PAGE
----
Through more than a month we have recommended zero allocation to risk assets and only to invest in recession assets. We have been adamant in our dire warnings about the global stock and credit markets and see no reason to change that.
The actions by the US administration and the US Federal Reserve in the weekend proved momentous – but not in the way hoped for.
We believe that the weekend marked the end of one phase and the beginning of a new phase. The panic phase ended with investor capitulation, led by the most leveraged mandates as they are forced to close all positions in a margin call. We believe this is the dynamic we are witnessing these days.
The new phase could be described as a fact-finding phase. The world is now exiting denial with respect to the scope of the COVID-19 virus outbreak and its economic impact. Central banks attempts to shore up the demand side have failed spectacularly. However, serious scale measures targeting the specifics of this recession of a twin shock to demand/supply are being put in place. The US are lagging behind in every respect of the crisis response.
This is not the time for cheery statements of an “improved risk/return relationship”. Has the risk really fallen? Does anybody seriously believe that the markets will go up by 50% to reach levels seen in mid-February any time soon? Really?
National Emergency in the US
Trump introduced a national emergency in order to fight the coronavirus. Flanked by health officials and CEO’s some larger companies, declared a national emergency over the coronavirus. The emergency declaration allows the administration to set aside federal legislation and regulation in order to speed up the response to the epidemic hitting the USA.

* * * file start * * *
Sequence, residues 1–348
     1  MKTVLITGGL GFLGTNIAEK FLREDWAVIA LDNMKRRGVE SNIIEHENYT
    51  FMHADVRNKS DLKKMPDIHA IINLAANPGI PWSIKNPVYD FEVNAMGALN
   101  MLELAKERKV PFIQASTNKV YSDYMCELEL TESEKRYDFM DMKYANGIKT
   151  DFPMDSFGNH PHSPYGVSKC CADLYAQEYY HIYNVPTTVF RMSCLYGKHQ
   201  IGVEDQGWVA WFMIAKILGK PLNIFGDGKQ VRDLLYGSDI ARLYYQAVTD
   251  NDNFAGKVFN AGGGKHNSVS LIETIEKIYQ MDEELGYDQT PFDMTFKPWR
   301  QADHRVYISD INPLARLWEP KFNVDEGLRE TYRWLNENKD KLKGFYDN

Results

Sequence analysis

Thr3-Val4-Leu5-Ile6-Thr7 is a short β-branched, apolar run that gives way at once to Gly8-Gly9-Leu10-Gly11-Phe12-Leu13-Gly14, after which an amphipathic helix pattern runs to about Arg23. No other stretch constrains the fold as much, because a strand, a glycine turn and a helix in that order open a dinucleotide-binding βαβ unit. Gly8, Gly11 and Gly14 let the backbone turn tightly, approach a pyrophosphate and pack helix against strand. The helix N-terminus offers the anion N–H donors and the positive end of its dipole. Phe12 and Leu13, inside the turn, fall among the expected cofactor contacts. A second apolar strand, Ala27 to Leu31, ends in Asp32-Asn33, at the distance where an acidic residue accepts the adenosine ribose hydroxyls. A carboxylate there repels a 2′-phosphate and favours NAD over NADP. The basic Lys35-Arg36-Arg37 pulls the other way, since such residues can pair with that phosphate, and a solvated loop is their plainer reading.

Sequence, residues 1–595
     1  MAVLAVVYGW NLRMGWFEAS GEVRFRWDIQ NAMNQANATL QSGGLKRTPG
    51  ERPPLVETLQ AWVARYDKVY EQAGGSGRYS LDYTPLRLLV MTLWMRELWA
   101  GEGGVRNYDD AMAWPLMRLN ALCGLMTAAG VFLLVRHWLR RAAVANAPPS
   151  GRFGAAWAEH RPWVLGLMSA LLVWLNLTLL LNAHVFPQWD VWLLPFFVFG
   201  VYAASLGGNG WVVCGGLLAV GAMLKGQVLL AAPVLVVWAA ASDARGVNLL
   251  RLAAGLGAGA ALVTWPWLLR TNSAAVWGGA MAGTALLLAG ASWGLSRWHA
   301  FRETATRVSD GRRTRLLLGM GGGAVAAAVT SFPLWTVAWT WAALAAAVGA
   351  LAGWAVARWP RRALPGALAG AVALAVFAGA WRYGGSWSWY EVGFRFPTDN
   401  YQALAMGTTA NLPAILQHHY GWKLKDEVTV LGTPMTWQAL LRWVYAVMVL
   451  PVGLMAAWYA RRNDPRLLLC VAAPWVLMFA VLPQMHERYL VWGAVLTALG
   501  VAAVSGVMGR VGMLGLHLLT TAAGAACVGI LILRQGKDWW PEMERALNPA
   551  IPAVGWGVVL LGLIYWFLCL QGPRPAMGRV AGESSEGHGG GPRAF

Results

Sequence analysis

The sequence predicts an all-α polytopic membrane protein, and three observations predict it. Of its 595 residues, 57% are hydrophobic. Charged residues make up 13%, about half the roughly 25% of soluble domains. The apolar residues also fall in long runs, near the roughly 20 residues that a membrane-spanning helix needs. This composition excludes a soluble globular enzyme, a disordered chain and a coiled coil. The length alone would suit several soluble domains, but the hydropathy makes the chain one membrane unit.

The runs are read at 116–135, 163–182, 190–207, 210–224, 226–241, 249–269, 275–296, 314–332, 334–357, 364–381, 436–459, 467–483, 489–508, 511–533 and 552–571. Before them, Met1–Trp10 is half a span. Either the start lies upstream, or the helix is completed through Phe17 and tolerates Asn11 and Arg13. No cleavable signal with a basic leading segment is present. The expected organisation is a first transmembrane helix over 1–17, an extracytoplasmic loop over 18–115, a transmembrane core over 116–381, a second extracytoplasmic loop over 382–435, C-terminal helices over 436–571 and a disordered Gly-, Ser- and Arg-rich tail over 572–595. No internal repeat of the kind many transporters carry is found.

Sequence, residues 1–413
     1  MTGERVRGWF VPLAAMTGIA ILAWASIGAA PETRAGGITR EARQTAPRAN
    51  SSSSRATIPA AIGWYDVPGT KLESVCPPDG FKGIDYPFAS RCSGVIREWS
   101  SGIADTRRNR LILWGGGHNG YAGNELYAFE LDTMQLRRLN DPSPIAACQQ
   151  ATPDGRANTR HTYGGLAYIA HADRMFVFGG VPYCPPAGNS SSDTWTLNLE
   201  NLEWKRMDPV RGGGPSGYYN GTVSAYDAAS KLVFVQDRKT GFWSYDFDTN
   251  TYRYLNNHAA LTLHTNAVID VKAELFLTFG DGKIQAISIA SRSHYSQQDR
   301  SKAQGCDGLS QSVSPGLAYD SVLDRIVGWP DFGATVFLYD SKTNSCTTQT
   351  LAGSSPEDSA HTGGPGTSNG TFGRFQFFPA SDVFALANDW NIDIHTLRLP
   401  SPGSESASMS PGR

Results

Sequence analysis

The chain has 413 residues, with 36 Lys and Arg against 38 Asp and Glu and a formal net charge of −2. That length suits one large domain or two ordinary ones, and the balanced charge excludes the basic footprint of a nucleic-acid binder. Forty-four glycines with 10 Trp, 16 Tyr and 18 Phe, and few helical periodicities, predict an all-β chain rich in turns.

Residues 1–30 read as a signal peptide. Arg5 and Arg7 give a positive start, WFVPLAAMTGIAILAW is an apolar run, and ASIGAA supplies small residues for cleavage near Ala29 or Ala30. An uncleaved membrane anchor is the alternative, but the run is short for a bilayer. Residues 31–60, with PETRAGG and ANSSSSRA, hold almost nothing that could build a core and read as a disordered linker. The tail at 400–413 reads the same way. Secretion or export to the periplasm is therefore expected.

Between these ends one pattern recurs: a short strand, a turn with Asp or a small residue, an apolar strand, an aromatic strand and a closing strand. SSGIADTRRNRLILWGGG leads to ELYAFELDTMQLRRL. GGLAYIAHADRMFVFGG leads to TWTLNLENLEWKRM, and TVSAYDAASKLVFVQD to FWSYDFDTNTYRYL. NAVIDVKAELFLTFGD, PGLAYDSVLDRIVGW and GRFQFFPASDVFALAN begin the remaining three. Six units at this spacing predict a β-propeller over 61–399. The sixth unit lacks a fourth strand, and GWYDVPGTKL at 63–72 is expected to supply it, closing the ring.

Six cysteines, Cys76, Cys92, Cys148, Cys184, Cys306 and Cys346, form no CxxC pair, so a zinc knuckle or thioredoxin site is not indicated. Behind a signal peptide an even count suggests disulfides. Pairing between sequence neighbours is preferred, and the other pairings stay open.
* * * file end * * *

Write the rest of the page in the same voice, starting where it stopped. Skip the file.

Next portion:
After 80 minutes of press conference on Sunday, the uncomfortable truth emerged; nobody knows how many infected persons there are in the USA, nobody knows how to test potential carriers of the virus on a grand scale, nobody knows when enough test kits will be available.
The worst thing is that nobody in the US government has an idea of how to handle the situation if or when a large number of virus sufferers will need hospital care, given that the excess capacity in the US hospitals is very limited. There is a small overhead of empty beds, limited capacity in the Intensive Care Units and a desperate shortage of ventilators, needed to help sufferers of the coronavirus.
It is fair to say that in comparison to the determined efforts of European governments to control the outbreak, the US administration does not have much of a plan at this moment in time. So maybe the only important message was that Trump finally conceded that the virus is not a “liberal hoax”.
The US is failing to show leadership on the healthcare crisis. But now every US citizen is be aware there is a problem and that the government is doing something about it.
Fed threw the kitchen sink at the problem – it did not work
Fed Chairman Powell announced Sunday that the interest rates would be cut to near zero and that the Federal reserve balance would be expanded another USD 700bn. However, the market reaction to the previous emergency rate cut on 28 February 2020 reflected a growing revelation that traditional monetary policy would not work.
This time, the Feds action unintendedly made it clear to everyone, that the market participants does not believe monetary policy will have any effect on the real economy.
The world is facing a recession which cannot be described as neither a demand side nor a supply side chock. Demands falls away, workers cannot go to work, supply lines are in disarray. Earnings evaporate from many companies, and USD 700 bn will not help this at all. Instead the added liquidity will just be added to the already existing USD 1,600 bn excess reserves held by the US banks. The money multiplier is rapidly nearing zero or in plain terms – we are in a credit squeeze!
The solution should instead comprise a targeted policy aimed at avoiding liquidity issues for companies as a result of what we all agree is a temporary problem. Several countries have understood this and have already set up facilities in order to help companies with short term liquidity.
Europe – a blueprint for the road ahead?
While US as so often takes the colourful headlines in finance, Europe are getting into targeted mitigation of the twin demand/supply hit to the economy.